Cohetes, fireworks, marked our arrival in San Miguel de Allende, Mexico. Our conversation with our landlord for the month was punctuated with loud bangs, which caused us to jump again and again. After an hour or two, we found ourselves saying, “that’s better; I’m getting used to it,” when we only twitched. We soon learned fireworks were commonplace, noise makers customary to local fiestas, and local fiestas happen with frequency. “Every neighborhood has a church and every church has a feast day,” one taxi driver explained, as he drove slowly behind three burros laden with vegetables on the cobblestone street to our house one of those first nights.
He said the street—Cuesta de Loreto--was one of the oldest trade routes in San Miguel de Allende, a city of traders from pre-Columbian times. Gold and silver from the region’s mines flowed through the town, along with other goods. In San Miguel de Allende’s extensive, winding market today we find a range of goods from across Mexico: wool rugs from Oaxaca, silver and gold from nearby Guanajuato and other mining towns, talavera pottery from Puebla, as well as many crafts from San Miguel’s own artisans and flowers, vegetables and fruit.
The market is not far from the jardin, the local name for San Miguel’s main plaza, which faces la Parrochia, a spiraling 17th c. rose pink church, its Gothic style unusual in Mexico. The first evening we were in San Miguel, we ate at a restaurant bordering the jardin, where we could see the brightly lit church and take in the sounds and smells of a Sunday night in the center of town. A Mexican band played in the gazebo; people talked and laughed in Spanish and English, and cars rumbled slowly across the cobblestones.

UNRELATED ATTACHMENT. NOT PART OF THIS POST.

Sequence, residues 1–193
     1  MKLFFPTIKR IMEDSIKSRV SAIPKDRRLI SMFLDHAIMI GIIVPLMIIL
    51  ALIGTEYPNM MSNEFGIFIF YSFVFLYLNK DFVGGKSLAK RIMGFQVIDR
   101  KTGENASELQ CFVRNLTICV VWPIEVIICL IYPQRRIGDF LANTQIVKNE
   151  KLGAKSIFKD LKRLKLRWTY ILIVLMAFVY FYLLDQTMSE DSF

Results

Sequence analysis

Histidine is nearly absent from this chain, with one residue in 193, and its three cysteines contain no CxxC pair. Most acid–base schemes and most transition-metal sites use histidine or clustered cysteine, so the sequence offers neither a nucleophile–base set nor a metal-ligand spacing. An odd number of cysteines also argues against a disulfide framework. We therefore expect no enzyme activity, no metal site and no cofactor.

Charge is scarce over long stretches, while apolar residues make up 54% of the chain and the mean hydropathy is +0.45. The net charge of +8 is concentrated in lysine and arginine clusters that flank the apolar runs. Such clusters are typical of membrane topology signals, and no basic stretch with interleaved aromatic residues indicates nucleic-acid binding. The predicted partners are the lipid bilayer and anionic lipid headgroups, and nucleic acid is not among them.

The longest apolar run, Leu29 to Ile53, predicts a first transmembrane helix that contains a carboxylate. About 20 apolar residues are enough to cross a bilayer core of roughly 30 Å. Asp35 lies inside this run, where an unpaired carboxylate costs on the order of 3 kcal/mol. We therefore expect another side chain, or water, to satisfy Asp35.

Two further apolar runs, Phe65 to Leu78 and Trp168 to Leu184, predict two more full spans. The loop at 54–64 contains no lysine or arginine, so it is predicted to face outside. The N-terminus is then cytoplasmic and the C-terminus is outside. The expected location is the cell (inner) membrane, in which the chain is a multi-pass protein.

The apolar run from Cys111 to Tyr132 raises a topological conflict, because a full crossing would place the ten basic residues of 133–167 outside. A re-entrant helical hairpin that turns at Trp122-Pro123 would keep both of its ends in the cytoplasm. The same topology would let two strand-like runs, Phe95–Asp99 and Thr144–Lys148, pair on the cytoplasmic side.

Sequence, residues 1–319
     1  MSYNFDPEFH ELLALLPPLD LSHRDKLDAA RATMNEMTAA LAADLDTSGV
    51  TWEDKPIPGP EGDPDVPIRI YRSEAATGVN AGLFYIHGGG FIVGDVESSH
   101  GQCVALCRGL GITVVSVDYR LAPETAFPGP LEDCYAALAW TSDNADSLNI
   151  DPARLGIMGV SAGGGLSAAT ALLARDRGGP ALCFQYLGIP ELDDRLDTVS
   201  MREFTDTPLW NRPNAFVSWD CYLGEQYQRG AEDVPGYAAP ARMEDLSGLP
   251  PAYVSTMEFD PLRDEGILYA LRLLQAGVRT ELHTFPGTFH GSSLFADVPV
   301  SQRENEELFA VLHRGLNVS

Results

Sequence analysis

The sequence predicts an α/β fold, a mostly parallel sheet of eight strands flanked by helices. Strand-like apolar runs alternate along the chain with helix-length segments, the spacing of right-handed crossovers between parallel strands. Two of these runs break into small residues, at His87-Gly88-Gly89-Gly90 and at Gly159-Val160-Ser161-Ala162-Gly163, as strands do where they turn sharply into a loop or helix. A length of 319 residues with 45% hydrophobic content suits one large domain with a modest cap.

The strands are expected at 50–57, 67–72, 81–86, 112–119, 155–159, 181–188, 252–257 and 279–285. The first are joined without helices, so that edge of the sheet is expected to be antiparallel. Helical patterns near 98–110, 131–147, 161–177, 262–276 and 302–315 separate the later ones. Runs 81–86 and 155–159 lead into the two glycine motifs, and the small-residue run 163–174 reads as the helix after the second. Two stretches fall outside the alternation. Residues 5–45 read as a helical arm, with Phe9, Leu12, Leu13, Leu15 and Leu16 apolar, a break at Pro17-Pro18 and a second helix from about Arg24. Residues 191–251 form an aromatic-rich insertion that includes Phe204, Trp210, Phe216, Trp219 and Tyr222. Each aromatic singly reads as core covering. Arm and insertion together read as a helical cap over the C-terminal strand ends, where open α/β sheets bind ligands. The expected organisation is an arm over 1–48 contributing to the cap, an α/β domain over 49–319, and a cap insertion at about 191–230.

We—my friend Brenda and her daughter Megan and I—had walked down to the center that first night in San Miguel, but we took a taxi back up, which would become our habit. It wasn’t just that it was dark at night and the streets relatively deserted, but also that our house in el barrio “Las Palmitas” is uphill, a serious climb we had quickly discovered. We were enchanted by the house, though, a two-floor loft in Mexican style, with big glass doors and windows overlooking an extraordinary garden with cacti the size of trees and a gentle gray cat, Guadalupe. We learned we and our landlord, from south Texas, have mutual friends and acquaintances, and we loved the way he had decorated the house, with folk art and natural materials. It was an excellent place to get away, to write and read and study—our purpose for the month in San Miguel.
On Tuesday, we took a walking tour to acquaint us with the city more formally. The tour began with a walk across to the cathedral and then to the "El Nigromante" Bellas Artes, where in a cavernous room we were surrounded by an unfinished mural by David Alfaro Siqueiros, one of Mexico’s great muralists. In a room of the public library, we viewed another amazing mural; this one by David Leonardo depicts the mythical and cultural history of Mexico.
I have been to San Miguel before, a few years ago, with Turo. Then it was November, and he was showing me a city he had visited several times before to play in jazz festivals. We had stayed down closer to the center, between the jardin and Benito Juarez Park, where we walked winding paths and enjoyed the tropical plants and flowers. In late autumn, it was pleasantly cool though sunny during the day, but cold enough at night that we used the fireplace in our hotel room. Now I am here in summer and the nights are cool, though the days are warm and sunny. It’s rainy season, they say, and in the late afternoons, the rains often come.
One of those first days we were caught in the rain at the public library—a library with an incredible Mexican mural, thanks to the rich history and culture of the local people, and collection of English books, thanks to the large gringo population. We watched the rain shower the courtyard and spew from the rain pipes from the roof. When the storm ended, we ventured back into the street, eventually finding our way back up the hills to our summer home.